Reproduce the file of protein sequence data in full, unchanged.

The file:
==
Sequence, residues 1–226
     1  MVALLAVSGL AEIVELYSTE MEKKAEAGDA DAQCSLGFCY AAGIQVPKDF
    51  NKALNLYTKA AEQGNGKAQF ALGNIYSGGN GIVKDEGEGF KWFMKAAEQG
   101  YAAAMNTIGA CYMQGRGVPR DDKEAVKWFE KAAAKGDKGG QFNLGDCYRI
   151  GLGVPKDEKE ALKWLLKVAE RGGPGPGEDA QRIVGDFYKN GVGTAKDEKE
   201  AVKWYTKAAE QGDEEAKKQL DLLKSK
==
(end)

Sequence, residues 1–226
     1  MVALLAVSGL AEIVELYSTE MEKKAEAGDA DAQCSLGFCY AAGIQVPKDF
    51  NKALNLYTKA AEQGNGKAQF ALGNIYSGGN GIVKDEGEGF KWFMKAAEQG
   101  YAAAMNTIGA CYMQGRGVPR DDKEAVKWFE KAAAKGDKGG QFNLGDCYRI
   151  GLGVPKDEKE ALKWLLKVAE RGGPGPGEDA QRIVGDFYKN GVGTAKDEKE
   201  AVKWYTKAAE QGDEEAKKQL DLLKSK